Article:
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William G. Nelson, MD, PhD Photo by Joe Rubino

TELEVISION SERIES LIKE ​CSI: Crime Scene Investigation familiarized viewers with advances in forensic science that allow investigators to detect minute amounts of a person’s unique DNA sequence found at a crime scene and analyze ​i​​t to implicate or exonerate a suspect. Similar DNA technologies can also detect and analyze small numbers of cancer cells in blood. 

The key technique that enables this genetic “fingerprinting” is the polymerase chain reaction (PCR), a method for copying, or amplifying, short DNA sequences. Discovered in the 1980s, PCR can generate hundreds of thousands of copies of a single DNA molecule in a matter of minutes. PCR amplification can distinguish DNA sequence differences between individuals, including parents and children, and between cancer cells and normal cells. The astonishing sensitivity of PCR amplification of DNA is what allows criminal investigators to link even a single hair follicle found at a crime scene to a unique suspect. This same level of sensitivity is now being used to detect DNA from very small numbers of cancer cells in blood and other body fluids.

Regardless of where they arise, many cancers shed cells or cell-free DNA (often called circulating tumor DNA or ctDNA) into the bloodstream. Liquid biopsy, the use of a blood sample to perform ctDNA amplification and sequencing, can indicate cancer’s presence and identify its defective genes. Blood ctDNA tests can be administered now to patients who already have cancer to study treatment response or to identify new gene defects that could lead to a treatment change. In the future, a blood specimen might be collected from an otherwise healthy individual to screen for ctDNA. A positive result could lead to imaging or endoscopy procedures to find and treat cancers (or cancer precursors) at a very early stage.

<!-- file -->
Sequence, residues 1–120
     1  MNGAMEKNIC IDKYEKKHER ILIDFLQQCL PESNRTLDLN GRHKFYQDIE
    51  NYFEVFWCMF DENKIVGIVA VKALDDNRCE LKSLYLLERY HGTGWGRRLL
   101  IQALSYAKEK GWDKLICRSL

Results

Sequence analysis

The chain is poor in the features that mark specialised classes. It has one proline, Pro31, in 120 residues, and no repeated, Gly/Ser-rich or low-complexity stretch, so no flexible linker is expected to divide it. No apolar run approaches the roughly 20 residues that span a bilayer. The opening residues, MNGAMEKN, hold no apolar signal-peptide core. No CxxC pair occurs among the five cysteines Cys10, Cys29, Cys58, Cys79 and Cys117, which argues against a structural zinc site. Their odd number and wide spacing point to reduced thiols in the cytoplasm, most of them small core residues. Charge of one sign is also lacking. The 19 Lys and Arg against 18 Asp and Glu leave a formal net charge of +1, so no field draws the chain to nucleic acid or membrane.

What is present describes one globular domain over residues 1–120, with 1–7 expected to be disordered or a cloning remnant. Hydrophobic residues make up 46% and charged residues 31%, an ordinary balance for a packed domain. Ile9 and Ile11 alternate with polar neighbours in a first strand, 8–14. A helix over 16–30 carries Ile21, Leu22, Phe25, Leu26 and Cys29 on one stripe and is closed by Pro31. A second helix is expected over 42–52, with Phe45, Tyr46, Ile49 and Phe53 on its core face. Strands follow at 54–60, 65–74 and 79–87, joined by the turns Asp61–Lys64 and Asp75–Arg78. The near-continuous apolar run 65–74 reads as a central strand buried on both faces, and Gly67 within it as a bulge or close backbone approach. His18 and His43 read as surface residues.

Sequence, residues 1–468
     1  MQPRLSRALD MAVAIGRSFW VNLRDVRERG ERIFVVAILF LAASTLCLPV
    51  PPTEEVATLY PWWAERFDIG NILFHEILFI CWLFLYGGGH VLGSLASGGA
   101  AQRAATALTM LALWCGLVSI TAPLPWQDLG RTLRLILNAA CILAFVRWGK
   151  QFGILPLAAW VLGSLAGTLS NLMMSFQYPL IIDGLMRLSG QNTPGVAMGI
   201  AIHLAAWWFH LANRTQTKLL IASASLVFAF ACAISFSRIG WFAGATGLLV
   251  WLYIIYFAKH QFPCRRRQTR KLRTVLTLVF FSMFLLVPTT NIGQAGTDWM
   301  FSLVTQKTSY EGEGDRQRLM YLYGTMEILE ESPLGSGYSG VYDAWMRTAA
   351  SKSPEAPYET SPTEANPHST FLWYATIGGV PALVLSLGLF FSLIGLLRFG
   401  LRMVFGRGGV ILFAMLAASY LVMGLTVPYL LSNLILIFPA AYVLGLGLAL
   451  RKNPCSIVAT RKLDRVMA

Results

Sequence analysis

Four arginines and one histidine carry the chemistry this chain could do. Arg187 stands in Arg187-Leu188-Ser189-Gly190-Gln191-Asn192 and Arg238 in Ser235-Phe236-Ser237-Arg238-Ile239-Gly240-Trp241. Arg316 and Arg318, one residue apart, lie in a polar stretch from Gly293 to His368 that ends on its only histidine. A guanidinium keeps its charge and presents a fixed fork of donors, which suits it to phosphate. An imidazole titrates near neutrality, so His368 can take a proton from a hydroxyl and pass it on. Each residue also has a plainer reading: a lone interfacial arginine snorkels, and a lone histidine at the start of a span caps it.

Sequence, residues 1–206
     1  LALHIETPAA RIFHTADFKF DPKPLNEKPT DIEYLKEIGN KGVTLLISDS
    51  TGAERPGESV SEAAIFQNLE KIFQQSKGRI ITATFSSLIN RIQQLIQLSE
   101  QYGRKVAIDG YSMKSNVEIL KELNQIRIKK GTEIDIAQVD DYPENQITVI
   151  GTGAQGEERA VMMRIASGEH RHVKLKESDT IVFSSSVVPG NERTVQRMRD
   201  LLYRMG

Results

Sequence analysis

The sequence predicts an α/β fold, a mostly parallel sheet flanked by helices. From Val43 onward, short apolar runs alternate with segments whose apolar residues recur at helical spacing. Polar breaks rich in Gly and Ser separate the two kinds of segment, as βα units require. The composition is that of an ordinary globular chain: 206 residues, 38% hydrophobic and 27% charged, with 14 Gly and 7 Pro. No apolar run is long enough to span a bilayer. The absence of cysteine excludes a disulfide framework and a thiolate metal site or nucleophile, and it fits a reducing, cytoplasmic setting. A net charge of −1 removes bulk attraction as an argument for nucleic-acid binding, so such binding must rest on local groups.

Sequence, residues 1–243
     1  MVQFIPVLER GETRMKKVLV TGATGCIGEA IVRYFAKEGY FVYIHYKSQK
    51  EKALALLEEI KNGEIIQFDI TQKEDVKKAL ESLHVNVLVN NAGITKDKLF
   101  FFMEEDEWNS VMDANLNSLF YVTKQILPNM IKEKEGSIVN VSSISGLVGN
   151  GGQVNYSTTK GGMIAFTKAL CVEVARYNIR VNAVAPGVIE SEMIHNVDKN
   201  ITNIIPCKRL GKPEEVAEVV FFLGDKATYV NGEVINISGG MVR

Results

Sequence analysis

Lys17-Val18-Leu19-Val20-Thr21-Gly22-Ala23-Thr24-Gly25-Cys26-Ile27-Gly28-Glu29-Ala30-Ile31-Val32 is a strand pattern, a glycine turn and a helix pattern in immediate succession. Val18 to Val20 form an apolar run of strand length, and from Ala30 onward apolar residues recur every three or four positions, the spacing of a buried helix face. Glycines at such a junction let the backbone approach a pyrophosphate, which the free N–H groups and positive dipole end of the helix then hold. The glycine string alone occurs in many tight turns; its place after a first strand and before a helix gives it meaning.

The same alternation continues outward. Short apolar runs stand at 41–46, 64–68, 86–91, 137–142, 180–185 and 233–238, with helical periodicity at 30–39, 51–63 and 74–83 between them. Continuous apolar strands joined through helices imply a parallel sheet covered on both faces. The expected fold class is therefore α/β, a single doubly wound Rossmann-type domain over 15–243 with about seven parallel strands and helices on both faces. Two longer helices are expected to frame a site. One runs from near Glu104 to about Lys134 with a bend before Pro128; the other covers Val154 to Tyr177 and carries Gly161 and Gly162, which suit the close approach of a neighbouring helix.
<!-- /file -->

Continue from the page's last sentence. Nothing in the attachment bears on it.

Liquid biopsies that monitor existing cancers appear to have substantial advantages over tumor tissue biopsies. First, blood testing tends to be safer, easier and more convenient than using radiographic imaging to guide needles into deep tissue sites, especially for repeated analyses over the duration of a treatment. Second, unlike a single biopsy of a single cancer lesion, ctDNA likely provides a sample of all, or nearly all, of the cancer deposits in the body, offering a glimpse of heterogeneity in cancer gene defects.

To fully realize the potential of liquid biopsies in the early detection of cancers, population studies will be needed to determine their predictive value, that is, the likelihood that a normal ctDNA test signifies no cancer and an abnormal test indicates a need for concern. One caution is that early detection, even if it is accurate, could generate controversy similar to that surrounding prostate-specific antigen (PSA) screening for prostate cancer: Even though aggressive cancers can be detected sooner using the PSA test, the trade-off is overdetection and possible overtreatment of cancers that pose little threat to health.

DNA detection technologies have revolutionized cancer medicine as much as forensic science. Hopefully, improvements in crime-solving will be matched by advances in solving the problem of cancer. 

William G. Nelson, MD, PhD, is the director of the Johns Hopkins Kimmel Cancer Center in Baltimore.